Tag Archives: narrow band

Now the corrected video for weaving on double hole rigid heddle loom

I am so excited- I have just learned more exciting things about weaving with the double hole rigid heddle loom!

copyright Noreen Crone-Findlay

The other day, I posted a video about how thrilled I was because I had finally figured out how to weave with the double hole or 2 holed rigid heddle loom. Link to previous blog post

I had extrapolated from how I wove pickup on the inkle loom, and was, to put it bluntly, wrong wrong wrong about so much of what I was doing.

A lady on the Braids and Bands list LINK on yahoo very politely, graciously and gently let me know that there was a much better way to weave with the double hole rigid heddle.

She told me that the Latvian way is to NOT drop the background strands, but to keep them in the weaving- and ONLY drop the pattern threads when they are not called for in the pattern.

That way, they would form tabby weaving, with no long floats (Happy dancing!) with the pattern threads showing up beautifully in reverse on the back of the band!   H A P P Y  HAPPY  DANCING!

copyright Noreen Crone-Findlay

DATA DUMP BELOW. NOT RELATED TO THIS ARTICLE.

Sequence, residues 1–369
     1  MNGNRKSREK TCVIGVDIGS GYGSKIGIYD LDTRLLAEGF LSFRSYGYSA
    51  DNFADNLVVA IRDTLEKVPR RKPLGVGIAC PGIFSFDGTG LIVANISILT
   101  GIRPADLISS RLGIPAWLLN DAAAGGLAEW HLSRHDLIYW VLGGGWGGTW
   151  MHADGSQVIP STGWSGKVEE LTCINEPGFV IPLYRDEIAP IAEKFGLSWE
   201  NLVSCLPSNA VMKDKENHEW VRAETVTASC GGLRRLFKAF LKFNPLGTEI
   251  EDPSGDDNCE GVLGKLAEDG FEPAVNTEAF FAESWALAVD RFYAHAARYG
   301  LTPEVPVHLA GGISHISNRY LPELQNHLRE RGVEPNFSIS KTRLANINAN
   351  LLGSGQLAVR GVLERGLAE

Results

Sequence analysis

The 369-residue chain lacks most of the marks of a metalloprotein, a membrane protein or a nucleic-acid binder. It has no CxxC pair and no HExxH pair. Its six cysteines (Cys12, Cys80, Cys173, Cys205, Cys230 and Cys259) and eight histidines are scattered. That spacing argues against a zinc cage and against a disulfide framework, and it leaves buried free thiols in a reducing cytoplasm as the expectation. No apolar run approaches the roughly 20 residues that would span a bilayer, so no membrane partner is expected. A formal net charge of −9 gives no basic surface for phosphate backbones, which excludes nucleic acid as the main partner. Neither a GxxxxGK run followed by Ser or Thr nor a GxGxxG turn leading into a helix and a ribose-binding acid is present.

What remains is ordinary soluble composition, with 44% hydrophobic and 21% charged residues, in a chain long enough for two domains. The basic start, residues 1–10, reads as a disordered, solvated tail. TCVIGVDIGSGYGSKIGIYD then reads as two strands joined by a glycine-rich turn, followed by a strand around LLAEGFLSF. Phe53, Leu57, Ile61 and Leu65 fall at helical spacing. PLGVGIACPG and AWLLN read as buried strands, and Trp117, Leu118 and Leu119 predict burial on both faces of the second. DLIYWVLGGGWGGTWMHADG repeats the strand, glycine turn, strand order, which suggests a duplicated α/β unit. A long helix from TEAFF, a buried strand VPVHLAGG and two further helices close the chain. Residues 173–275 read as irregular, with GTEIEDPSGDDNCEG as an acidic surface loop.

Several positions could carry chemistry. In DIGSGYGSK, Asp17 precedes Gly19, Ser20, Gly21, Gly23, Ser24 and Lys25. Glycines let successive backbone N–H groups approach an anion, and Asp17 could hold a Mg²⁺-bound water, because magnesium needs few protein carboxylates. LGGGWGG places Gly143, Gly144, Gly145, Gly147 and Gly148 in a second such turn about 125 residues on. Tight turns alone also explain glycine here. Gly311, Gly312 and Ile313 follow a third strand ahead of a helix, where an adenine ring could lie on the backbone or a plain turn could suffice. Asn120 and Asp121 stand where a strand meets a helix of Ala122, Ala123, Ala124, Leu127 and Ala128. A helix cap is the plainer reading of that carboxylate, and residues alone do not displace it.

Look at the difference! the bit of band on the left was my first way, and the bit of band on the left is the right way!

Who wouldn’t want their bands to be sturdier, and reversible?

AND here’s MORE good stuff:

I also decided to get over my attachment to the weaving stick, and to keep my hot little hands out of the weaving, and to weave it like a traditional weaver (I almost added the ‘put on the big weaver panties, but didn’t, oh wait, I just did….) and weave the band ONLY with my shuttle.

Well, of course, that speeds things up and I am now clipping along like Daisytrains, merrily weaving MUCH nicer bands!

Not perfect, but oh soooooooooooo much better!

I have deleted the first video, and have made another, showing my next stage of the journey.

Once, when I was a child, I must have said something very stupid, because my father raised his eyebrow, fixed me with a baleful gaze and pronounced that Abraham Lincoln had declared that it was better to remain silent and be thought a fool than to speak up and remove all doubt.

ouch.

Well, I think that Abraham Lincoln and my father weren’t ~always~ right about remaining silent.

If I hadn’t had the courage to speak up and be willing to be found wrong about what I was doing with this, I would STILL be doing it wrong.

So, I say: Be willing to be thought a fool.

Speak up and ask.

There are kind people out there who are willing to show you a different way of doing something, and that way may make a world of difference in a skill that you are learning.

BUT… you’ll never know if you don’t have the guts to say:” This is what I am working on – got any suggestions?”

Besides, when you have big ‘aha’ moments in your learning curve, it can really be useful to other people!

So, that being said: Here’s the latest installment in my voyage of discovery with the 2 hole rigid heddle loom!

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